Mazda Motorsports’ new director sees a bright future for Mazda’s amateur racers
New director of Mazda Motorsports Nelson Cosgrove admits that the grassroots side of the racing is somewhat unfamiliar to him, having spent his career with Ford, Penske, Joe Gibbs Motorsports and Toyota Racing Development. But he likes what he’s seen so far in visits to Mazda and Mazda Motorsports headquarters in Irvine, Calif.
“When I was there, I met all the folks at the Mazda Motorsports competition parts department,” Cosgrove says. “They’re into it; it’s what they love. They love the customer stories, they love to engage with technical support, and they love the passion the customers have. That was one of the things that was really intriguing to me coming into this role. I’ve been in a couple of situations with OEMs in my past life, but the grassroots level was never part of that. This is an attractive part of the whole brand, and I think it’s awesome. Everything from autocross to club racing, Mazda’s roughly 55 percent of the participation – that’s a lot to say about the brand.”
Other than a little drag racing in his youth, Cosgrove doesn’t have much experience with amateur racing. He does have experience in Indy cars, F1 and NASCAR, and he looks forward to learning more about the grassroots side of the sport.
“I’m looking forward to going to those events, seeing how people race,” he explains. “I appreciate the effort that goes into it. I’m really excited to see these guys and watch them race and see the passion they have for the brand. There are people out there running all kinds of different Mazda products – RX-7s, RX-8s … those are cool cars. I’m a car guy; my first car was a Mazda 323, so I’ve been involved for a long time, but never at this level.”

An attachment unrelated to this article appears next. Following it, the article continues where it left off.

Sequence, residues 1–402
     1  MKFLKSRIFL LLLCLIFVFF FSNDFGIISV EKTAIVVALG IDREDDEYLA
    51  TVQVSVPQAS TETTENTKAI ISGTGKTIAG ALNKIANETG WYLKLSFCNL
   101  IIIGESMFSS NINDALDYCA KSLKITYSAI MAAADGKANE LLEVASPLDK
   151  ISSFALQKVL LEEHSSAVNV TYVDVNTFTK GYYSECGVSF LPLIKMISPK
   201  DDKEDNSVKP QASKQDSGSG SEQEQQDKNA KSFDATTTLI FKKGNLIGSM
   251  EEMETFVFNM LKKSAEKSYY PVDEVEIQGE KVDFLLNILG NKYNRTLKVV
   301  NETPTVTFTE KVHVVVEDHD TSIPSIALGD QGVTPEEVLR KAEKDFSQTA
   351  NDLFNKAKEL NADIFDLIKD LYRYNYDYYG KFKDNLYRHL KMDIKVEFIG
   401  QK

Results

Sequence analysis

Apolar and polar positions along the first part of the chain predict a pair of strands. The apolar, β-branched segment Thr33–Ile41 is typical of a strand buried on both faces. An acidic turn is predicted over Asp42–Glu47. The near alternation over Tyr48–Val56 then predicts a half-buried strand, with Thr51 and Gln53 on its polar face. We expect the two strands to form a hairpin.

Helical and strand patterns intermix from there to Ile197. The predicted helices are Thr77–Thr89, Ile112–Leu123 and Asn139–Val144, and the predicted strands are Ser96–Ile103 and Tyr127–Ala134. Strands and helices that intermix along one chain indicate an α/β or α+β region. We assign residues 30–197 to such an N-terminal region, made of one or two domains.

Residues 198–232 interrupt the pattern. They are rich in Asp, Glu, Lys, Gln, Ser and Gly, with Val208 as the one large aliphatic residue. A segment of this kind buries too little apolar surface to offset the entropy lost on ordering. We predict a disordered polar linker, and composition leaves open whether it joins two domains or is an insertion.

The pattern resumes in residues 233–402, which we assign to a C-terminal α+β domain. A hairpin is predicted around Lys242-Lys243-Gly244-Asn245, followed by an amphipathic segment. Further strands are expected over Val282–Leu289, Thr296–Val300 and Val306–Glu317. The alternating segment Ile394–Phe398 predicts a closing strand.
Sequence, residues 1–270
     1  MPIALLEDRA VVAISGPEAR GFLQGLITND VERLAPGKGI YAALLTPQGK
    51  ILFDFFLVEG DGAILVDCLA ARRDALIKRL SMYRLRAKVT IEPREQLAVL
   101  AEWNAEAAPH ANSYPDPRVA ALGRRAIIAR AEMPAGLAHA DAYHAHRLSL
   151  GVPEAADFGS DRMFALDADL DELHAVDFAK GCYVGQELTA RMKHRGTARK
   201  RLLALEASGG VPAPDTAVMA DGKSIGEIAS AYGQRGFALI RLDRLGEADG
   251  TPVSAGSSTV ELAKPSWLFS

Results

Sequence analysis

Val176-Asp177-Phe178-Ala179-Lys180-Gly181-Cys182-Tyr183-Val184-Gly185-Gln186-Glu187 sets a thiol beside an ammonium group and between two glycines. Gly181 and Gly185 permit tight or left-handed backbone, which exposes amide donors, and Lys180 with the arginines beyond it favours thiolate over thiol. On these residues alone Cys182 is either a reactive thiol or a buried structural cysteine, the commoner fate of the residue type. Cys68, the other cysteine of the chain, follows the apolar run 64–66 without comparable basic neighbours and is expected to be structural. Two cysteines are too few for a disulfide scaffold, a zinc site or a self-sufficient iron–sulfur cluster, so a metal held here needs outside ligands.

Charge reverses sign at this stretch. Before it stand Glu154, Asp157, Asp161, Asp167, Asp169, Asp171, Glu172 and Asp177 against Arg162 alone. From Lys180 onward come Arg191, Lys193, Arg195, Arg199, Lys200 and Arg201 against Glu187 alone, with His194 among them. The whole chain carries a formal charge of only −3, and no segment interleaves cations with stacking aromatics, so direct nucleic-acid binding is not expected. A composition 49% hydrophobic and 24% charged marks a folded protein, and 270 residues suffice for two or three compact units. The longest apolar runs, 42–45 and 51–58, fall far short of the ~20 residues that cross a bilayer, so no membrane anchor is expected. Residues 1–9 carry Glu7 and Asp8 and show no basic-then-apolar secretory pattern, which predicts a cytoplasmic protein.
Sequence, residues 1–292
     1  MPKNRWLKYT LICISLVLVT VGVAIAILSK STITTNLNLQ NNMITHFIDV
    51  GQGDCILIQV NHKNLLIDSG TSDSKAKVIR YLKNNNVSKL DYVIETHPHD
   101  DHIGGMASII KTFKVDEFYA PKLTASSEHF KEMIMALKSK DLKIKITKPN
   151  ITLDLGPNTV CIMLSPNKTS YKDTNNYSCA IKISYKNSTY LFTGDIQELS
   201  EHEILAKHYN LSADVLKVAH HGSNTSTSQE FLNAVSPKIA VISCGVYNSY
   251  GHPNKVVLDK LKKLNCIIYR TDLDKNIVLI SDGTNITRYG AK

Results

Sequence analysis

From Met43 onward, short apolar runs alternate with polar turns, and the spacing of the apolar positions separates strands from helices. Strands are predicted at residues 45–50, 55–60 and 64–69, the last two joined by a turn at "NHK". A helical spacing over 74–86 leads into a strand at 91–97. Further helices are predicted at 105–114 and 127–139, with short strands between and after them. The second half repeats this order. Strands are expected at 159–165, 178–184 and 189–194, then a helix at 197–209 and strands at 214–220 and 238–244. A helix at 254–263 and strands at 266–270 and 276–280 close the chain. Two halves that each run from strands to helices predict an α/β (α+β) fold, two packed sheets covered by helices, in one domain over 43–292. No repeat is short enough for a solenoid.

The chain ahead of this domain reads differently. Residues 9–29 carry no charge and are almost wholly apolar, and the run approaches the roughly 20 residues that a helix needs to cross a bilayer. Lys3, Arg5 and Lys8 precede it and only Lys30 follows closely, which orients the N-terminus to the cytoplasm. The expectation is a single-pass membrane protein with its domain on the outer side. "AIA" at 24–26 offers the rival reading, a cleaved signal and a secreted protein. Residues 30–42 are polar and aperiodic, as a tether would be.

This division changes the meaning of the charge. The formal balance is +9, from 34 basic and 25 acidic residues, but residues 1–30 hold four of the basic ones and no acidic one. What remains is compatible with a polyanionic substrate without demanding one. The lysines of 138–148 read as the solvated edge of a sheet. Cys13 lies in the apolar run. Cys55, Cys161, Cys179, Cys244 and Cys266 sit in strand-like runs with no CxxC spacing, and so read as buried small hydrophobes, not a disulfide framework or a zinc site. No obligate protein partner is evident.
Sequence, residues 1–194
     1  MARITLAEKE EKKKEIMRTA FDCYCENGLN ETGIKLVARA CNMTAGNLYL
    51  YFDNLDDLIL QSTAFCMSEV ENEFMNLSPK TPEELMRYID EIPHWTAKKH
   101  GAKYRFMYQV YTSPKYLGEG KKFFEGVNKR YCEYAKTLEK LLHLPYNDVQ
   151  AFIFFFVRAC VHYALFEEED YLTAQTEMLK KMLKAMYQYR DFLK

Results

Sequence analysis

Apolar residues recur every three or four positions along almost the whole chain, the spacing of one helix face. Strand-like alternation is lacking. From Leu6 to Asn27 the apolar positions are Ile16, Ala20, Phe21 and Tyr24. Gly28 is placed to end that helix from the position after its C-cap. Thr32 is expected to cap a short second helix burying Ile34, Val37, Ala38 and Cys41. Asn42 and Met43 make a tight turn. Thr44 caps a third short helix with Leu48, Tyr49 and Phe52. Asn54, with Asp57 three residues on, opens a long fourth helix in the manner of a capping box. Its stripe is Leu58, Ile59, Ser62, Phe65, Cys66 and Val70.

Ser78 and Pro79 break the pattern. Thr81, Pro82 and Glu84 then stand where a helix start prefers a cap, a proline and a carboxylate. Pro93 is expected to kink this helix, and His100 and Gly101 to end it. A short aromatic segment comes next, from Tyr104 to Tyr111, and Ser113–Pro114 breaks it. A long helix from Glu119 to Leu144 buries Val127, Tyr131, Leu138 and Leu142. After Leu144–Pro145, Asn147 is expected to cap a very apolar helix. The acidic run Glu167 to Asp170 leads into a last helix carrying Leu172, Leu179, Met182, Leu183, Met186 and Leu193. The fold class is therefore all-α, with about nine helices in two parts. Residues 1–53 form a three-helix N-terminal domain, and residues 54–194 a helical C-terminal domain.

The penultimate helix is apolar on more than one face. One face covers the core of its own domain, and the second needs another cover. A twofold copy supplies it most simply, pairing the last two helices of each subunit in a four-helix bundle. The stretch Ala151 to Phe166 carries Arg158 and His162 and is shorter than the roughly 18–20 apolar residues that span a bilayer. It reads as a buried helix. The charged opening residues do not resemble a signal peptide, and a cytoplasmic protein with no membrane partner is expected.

Cosgrove hopes to get to the Road to 24 Shootout in early December, where Tray Ayres, Brandon Collins, Matthew Dirks, Aaron Jeansonne, Stuart McAleer and Jared Thomas will compete for a scholarship to compete in Battery Tender® Global Mazda MX-5 Cup presented by BFGoodrich Tires, and he also wants to attend several club racing events in 2020. While he’s learning, though, he knows the program is in good hands.
“Mazda Motorsports has a system that allows racers to obtain technical help on the phone as well as to buy parts and kits, and there’s continuous development that goes on,” he says, mentioning the new Penske shocks for Spec Miata as well as improvements to other products. “I will say that there’s a bright future for autocrossers and club racers because the brand loves the sport.
“We’ve got a really good group of people at Mazda Motorsports who are very enthusiastic,” Cosgrove concludes, adding, “A cool thing I learned is that Mazda Motorsports’ parts are stored in different parts distribution centers around the country to shorten delivery time to the racer. It’s fully integrated into the whole company. I didn’t have any idea. Other places I’ve been, it’s not even close to that. At Mazda, motorsports is embedded into the culture.”